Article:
• Business service providers experienced a 222% increase;

  • Financial services firms experienced a 155% increase; and

  • Media industry companies experienced a 120% increase.

Mario DeRiggi is Vonage’s senior vice president of channel sales. He said many organizations are turning to partners for guidance on how to move to quickly and securely transition to a virtual work environment.

“Across all industries, programmable video solutions powered by APIs are playing a key role in business continuity, enabling…


Vonage’s Mario DeRiggi

…organizations to stay connected and deliver services in a personal, seamless and secure way while keeping employees safe,” he said. “Vonage is dedicated to helping its partners and their customers by not only providing guidance on how they can quickly and easily set up their remote workforce to minimize disruption, but also to equip them with the necessary tools and resources to have a high level of preparedness and business continuity processes in place for the future.”

Vonage expects organizations to continue seeking advice from partners beyond the immediate need as they adopt video conferencing solutions to help transform their businesses, and keep their workforce productive and engaged long term, DeRiggi said.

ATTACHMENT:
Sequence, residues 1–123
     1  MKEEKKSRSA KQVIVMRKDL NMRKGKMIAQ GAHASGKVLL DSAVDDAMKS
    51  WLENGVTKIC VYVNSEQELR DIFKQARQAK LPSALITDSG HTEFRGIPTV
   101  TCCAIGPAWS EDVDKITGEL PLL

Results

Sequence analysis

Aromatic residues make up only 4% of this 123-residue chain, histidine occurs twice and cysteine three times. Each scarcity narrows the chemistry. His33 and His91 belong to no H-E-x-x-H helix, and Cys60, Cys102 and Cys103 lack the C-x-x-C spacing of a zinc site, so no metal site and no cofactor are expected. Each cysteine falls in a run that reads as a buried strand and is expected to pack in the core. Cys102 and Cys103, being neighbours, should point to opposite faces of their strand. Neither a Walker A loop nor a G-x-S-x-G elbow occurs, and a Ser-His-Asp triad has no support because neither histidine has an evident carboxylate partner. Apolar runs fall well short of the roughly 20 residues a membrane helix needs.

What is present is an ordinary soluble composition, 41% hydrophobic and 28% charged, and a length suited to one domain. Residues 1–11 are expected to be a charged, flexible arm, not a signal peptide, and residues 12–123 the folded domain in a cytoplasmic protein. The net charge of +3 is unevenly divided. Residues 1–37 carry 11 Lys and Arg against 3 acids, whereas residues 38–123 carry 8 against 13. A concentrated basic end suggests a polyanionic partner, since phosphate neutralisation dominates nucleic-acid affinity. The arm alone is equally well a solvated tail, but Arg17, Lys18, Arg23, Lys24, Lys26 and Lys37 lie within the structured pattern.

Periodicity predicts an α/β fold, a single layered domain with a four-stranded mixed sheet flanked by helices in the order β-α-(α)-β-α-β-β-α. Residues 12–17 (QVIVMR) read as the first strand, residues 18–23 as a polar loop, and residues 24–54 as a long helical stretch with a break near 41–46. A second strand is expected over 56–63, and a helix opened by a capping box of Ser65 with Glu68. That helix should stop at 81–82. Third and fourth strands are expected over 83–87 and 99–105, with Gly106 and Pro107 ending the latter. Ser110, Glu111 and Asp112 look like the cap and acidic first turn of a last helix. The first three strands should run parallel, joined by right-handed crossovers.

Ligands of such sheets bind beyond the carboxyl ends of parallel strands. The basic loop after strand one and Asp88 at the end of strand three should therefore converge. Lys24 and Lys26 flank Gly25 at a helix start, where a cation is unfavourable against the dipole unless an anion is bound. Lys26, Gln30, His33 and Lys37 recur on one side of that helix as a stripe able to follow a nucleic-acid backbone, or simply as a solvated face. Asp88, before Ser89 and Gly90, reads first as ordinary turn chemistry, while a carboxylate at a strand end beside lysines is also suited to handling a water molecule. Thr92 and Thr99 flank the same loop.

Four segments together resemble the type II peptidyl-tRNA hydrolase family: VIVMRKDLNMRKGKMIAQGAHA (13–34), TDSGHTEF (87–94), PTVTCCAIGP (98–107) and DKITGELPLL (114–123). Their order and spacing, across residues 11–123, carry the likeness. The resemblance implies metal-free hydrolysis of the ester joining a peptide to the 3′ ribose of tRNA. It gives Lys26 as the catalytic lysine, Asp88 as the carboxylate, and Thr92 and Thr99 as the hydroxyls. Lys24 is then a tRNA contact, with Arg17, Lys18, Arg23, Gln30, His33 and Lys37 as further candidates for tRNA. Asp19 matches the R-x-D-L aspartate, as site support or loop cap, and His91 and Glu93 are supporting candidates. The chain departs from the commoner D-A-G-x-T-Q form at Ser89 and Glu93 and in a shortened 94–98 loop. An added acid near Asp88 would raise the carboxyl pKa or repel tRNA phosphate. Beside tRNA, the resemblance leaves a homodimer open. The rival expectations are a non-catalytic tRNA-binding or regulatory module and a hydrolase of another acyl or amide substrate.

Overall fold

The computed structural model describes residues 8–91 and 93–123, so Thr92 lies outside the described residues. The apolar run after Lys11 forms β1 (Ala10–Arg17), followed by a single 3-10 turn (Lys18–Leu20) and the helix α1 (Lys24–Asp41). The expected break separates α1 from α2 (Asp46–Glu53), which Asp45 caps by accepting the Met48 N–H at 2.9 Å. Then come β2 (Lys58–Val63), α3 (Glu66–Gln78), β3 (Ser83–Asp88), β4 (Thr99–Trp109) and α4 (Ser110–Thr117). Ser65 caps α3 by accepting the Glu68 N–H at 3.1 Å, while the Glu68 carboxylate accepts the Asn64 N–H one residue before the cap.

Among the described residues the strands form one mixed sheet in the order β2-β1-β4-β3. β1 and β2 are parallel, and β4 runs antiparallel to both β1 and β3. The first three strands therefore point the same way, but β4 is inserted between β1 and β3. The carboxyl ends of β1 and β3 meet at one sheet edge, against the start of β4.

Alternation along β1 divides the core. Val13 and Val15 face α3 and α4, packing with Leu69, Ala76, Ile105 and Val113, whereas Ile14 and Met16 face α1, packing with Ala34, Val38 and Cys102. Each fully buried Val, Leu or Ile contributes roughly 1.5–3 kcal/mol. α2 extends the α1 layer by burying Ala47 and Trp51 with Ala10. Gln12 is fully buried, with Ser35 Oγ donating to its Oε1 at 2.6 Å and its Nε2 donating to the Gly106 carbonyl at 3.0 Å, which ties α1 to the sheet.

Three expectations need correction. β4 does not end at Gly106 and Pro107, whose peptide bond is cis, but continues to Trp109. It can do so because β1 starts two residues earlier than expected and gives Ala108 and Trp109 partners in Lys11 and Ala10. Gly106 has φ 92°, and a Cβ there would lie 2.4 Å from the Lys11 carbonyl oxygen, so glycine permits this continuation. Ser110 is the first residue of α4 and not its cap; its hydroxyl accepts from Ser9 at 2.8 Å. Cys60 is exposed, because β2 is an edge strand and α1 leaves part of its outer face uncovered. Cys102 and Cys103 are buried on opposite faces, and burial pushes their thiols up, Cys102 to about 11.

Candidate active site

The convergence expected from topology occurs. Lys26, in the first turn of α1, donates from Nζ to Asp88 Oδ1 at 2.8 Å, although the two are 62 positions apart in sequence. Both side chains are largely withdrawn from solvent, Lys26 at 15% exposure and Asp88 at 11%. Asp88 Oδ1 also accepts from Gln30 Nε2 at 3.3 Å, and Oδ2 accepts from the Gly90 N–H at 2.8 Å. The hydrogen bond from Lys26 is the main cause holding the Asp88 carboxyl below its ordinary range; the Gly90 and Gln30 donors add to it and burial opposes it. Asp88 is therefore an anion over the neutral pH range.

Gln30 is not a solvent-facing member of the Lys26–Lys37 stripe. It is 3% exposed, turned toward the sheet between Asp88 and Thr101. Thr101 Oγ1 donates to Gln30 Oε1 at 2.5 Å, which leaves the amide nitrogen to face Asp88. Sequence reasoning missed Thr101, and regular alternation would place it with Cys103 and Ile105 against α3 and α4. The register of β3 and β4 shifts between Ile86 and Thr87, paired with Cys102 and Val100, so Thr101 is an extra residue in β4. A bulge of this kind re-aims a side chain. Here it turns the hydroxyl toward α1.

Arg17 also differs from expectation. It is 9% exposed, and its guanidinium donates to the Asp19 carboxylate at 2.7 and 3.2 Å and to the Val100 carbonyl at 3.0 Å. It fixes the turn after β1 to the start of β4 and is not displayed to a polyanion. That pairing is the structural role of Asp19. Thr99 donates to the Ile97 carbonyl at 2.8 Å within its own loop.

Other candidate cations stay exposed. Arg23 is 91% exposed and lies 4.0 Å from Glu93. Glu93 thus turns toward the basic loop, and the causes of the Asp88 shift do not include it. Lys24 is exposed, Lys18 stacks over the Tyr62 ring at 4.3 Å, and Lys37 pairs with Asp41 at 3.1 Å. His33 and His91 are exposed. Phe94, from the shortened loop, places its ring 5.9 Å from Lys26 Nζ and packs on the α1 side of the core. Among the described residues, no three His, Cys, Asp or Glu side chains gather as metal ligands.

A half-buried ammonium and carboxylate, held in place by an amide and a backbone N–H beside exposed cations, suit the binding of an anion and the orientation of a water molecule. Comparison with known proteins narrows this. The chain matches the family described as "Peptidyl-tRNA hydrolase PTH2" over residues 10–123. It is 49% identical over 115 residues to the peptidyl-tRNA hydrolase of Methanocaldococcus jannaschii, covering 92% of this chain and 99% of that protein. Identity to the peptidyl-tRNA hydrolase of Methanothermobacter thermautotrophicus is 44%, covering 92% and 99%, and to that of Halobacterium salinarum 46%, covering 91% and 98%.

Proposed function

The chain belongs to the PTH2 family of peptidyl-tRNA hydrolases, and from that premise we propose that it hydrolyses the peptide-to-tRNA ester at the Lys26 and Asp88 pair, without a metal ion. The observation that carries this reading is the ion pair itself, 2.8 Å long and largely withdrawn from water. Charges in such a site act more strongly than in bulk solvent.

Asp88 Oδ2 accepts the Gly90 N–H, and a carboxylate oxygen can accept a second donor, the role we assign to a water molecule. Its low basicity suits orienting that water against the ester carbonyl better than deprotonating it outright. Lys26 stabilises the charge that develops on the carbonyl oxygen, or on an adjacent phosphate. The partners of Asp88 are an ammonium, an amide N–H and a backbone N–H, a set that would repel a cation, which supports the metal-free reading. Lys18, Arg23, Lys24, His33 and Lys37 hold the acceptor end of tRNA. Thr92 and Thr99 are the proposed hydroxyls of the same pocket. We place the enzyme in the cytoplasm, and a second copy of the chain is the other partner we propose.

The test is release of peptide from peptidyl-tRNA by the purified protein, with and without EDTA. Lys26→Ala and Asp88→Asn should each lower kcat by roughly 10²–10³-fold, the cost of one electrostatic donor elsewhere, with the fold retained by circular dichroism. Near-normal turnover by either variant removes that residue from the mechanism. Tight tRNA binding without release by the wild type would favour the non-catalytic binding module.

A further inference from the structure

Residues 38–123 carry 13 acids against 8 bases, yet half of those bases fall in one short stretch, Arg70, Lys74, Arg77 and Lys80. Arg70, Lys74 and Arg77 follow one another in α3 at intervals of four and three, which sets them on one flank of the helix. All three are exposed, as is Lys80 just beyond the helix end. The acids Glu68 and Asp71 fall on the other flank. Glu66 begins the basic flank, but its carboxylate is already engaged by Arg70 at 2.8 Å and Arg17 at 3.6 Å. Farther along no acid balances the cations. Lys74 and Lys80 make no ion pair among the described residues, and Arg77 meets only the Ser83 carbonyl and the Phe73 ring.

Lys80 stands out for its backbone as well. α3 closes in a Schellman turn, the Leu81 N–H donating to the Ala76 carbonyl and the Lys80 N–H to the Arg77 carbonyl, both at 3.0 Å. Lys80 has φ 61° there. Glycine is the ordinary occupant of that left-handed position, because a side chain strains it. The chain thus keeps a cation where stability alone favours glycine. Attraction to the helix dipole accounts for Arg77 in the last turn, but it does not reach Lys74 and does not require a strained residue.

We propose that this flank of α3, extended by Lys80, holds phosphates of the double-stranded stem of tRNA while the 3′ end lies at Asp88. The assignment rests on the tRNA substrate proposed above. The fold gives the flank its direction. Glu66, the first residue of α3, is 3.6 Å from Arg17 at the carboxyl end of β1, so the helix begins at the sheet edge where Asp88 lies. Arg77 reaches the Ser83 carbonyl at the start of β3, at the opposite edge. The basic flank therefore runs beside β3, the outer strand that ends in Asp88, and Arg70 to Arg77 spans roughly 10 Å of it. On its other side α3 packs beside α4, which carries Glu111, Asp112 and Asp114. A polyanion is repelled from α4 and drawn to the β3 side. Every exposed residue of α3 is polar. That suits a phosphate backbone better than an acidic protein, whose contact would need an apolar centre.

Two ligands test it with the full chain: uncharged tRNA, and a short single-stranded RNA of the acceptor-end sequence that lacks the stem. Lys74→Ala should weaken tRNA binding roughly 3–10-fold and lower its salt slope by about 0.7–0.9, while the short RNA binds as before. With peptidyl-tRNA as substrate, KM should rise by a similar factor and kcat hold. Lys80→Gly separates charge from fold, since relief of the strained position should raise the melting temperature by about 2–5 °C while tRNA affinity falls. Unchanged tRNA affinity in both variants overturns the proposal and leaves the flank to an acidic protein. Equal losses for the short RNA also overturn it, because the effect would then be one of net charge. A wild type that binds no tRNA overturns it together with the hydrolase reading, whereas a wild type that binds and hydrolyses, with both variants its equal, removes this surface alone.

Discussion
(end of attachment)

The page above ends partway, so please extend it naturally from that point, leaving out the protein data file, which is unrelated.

“Programmable video communications solutions will continue to enable partners to help their customers to more easily navigate a world in which more work will be done remotely, and in which customer interactions will require scalable, secure and high-quality video technology,” he said.

On Wednesday, Vonage announced the launch of its Contact Center AI Virtual Assistant to help organizations respond to peaks in call volumes as the COVID-19 health crisis continues.

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About the Author(s)

Edward Gately

Senior News Editor, Channel Futures

As news editor, Edward Gately covers cybersecurity, new channel programs and program changes, M&A and other IT channel trends. Prior to Informa, he spent 26 years as a newspaper journalist in Texas, Louisiana and Arizona.